Would you pass on a dollar to save a nickel?
A business coach called me because she wanted to find a better lead generation service.
She helps clients find connections on LinkedIn and turn those connections into customers.
She’d been using a third-party service that worked well…
TOO well, she said.
One of her clients had to pause the service because it generated more leads than he could handle.
Now the coach was looking for a new service for a similar client.
“Why are you looking for a different service?” I asked “That first service seems good.”
“Cost” said the coach. “They doubled their onboarding fee.”
The service used to cost $60 to $90 per month, with a $750 onboarding fee.
Now it costs $60 to $90 per month, with a $1,500 onboarding fee.
Wow! A 100% price hike. An extra $750 up front. That seems like a lot.
But I wondered…
“How much is a new customer worth to your client?” I asked. “What’s the average annual revenue?”
The coach replied: “About $30,000.”
Let’s pause for a moment and play a little game.
Imagine you have a nickel, and I say, “I’ll give you a dollar for that nickel.”
Would you do it? (Of course you would.)
Now, imagine the next day you have a dime, and I say, “I’ll give you a dollar, but this time I want that dime.”
I’m just guessing here, but I think you would NOT say, “Forget it! That’s twice as much as I paid yesterday.”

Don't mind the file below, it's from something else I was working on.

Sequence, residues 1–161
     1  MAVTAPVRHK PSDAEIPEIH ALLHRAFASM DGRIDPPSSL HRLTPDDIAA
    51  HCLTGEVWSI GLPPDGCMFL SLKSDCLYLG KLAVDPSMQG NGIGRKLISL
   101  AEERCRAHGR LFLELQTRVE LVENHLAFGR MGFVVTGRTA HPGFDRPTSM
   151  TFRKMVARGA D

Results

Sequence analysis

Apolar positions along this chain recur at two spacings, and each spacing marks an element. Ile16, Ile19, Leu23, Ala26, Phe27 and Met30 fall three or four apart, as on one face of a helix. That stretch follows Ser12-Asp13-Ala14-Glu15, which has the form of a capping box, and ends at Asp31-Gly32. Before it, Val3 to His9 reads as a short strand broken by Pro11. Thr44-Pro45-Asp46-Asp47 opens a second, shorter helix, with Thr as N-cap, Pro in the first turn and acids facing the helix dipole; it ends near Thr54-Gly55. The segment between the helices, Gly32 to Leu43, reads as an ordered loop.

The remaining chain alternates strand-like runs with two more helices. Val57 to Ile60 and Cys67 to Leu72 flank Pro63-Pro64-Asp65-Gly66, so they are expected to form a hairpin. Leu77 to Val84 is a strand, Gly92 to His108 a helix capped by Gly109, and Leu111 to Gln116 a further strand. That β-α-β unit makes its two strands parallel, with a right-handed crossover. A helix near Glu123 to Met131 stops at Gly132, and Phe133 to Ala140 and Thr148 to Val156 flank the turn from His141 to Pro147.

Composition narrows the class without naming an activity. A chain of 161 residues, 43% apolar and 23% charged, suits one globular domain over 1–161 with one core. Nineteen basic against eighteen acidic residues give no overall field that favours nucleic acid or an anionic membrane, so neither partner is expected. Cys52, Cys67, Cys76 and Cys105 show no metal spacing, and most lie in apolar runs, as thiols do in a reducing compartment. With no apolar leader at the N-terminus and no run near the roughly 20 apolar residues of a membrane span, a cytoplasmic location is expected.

I think you’d take your 90-cent profit every time…
even if it costs you a nickel more to earn it.
So…back to the budget-conscious business coach…
If the service has a proven track record…
…and customers are worth $30,000 EACH, just in the first year…
…and it costs only $1,500, plus $60-$90 per month to generate qualified leads…
…the odds are in her favor!
I asked her: “If you continue with the twice-as-expensive service, how likely is it that your client will get at least one additional client next year.”
She replied, “Pretty likely.”
Spend an additional $750 with confidence that you’ll land at least one additional $30,000? I’ll take those odds every day.
That’s a decent investment. (And that’s an understatement).
But some people — MANY people — don’t think of their marketing budget as an investment.
They don’t calculate the odds. They don’t anticipate profit on the other side.
They think of marketing as a cost.
And if a vendor doubles the COST overnight…
…some buyers decide THAT’S UNACCEPTABLE.
That’s a fixed-budget mindset. And that’s a mistake.
If you choose to market a business with a fixed-budget mindset…
…you’ll save lots of nickels…
…and miss out on lots of dollars.
You may balance your 5-cent budget, but you won’t grow your profits.
Thanks for reading.
p.s. I can help you craft and deliver powerful stories that attract leads, keep them tuned in, and inspire them to act. If you’d like to discuss how I can help, schedule a 15-minute consultation with m and we can discuss the possibilities.
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